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"The Opioid Diaries" is the first issue in TIME’s 95-year history devoted entirely to one photographer’s work. Over the past year, TIME commissioned acclaimed photographer James Nachtwey to document this crisis through the people on its front lines."

Courtesy of TIME

"Working closely with TIME’s Paul Moakley [who wrote the issue's text], the pair traveled the country, spending months on the streets of Boston and San Francisco, on patrol with first responders in Ohio, New Mexico and West Virginia, visiting clinics in New Hampshire, in jail cells in Kentucky and at prayer meetings in Massachusetts."

In a first-person piece that opens the issue, Nachtwey writes:

  • "Over the past 35 years, my work as a photojournalist has taken me to other countries to document wars, uprisings, natural disasters and global health crises ... In revisiting my own country I discovered a national nightmare."
  • "But the people living through it aren’t deviants. They are ordinary citizens, our neighbors, our family members. I don’t think I met one user whom I would consider to be a bad person. No one wants to be an addict."

Go deeper

Scoop: Gina Haspel threatened to resign over plan to install Kash Patel as CIA deputy

CIA Director Gina Haspel. Photo: Win McNamee/Getty Images

CIA Director Gina Haspel threatened to resign in early December after President Trump cooked up a hasty plan to install loyalist Kash Patel, a former aide to Rep. Devin Nunes (R-Calif.), as her deputy, according to three senior administration officials with direct knowledge of the matter.

Why it matters: The revelation stunned national security officials and almost blew up the leadership of the world's most powerful spy agency. Only a series of coincidences — and last minute interventions from Vice President Mike Pence and White House counsel Pat Cipollone — stopped it.

Updated 5 hours ago - Politics & Policy

Coronavirus dashboard

Illustration: Sarah Grillo/Axios

  1. Health: Coronavirus deaths reach 4,000 per day as hospitals remain in crisis mode — CDC warns highly transmissible coronavirus variant could become dominant in U.S. in March.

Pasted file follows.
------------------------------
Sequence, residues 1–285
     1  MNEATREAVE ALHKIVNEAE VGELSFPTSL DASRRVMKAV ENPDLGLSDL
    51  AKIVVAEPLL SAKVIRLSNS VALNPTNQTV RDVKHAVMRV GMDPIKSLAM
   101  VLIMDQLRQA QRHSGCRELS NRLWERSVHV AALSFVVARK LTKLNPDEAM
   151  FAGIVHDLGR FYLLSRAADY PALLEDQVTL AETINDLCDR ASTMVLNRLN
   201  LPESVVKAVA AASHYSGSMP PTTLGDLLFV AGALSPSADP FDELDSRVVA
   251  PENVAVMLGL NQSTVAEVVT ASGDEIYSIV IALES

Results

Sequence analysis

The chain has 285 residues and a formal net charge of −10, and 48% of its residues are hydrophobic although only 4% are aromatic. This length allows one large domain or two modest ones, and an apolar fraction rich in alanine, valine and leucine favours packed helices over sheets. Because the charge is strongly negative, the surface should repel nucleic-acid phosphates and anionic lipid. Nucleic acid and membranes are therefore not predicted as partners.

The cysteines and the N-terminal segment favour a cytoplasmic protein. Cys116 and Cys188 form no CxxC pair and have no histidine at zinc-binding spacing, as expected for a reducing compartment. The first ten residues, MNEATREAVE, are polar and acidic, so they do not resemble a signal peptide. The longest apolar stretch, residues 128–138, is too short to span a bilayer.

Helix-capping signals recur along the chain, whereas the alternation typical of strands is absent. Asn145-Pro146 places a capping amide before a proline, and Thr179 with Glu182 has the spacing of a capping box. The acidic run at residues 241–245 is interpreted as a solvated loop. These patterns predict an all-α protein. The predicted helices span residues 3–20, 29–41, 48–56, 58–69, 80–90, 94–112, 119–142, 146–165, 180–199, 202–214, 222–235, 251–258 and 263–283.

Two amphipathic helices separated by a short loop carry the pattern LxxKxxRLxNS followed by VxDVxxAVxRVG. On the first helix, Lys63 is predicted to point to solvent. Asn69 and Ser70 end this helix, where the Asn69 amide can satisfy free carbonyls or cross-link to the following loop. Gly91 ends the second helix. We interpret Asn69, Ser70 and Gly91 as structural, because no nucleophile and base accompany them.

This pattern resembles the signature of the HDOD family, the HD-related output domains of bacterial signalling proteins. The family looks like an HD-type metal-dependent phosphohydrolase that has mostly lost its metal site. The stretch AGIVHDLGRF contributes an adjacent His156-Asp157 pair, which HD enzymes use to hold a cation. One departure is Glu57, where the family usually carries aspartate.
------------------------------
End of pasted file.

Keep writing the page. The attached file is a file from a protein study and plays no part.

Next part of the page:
2. Politics: Biden says, "We will manage the hell out of" vaccine distribution — Biden taps ex-FDA chief to lead Operation Warp Speed amid rollout of COVID plan — Widow of GOP congressman-elect who died of COVID-19 will run to fill his seat.
  3. Vaccine: Battling Black mistrust of the vaccines"Pharmacy deserts" could become vaccine deserts — Instacart to give $25 to shoppers who get vaccine.
  4. Economy: Unemployment filings explode againFed chair: No interest rate hike coming any time soon —  Inflation rose more than expected in December.
  5. World: WHO team arrives in China to investigate pandemic origins.

John Weaver, Lincoln Project co-founder, acknowledges “inappropriate” messages

John Weaver aboard John McCain's campaign plane in February 2000. Photo: Robert Schmidt/AFP via Getty Images)

John Weaver, a veteran Republican operative who co-founded the Lincoln Project, declared in a statement to Axios on Friday that he sent “inappropriate,” sexually charged messages to multiple men.

  • “To the men I made uncomfortable through my messages that I viewed as consensual mutual conversations at the time: I am truly sorry. They were inappropriate and it was because of my failings that this discomfort was brought on you,” Weaver said.
  • “The truth is that I'm gay,” he added. “And that I have a wife and two kids who I love. My inability to reconcile those two truths has led to this agonizing place.”

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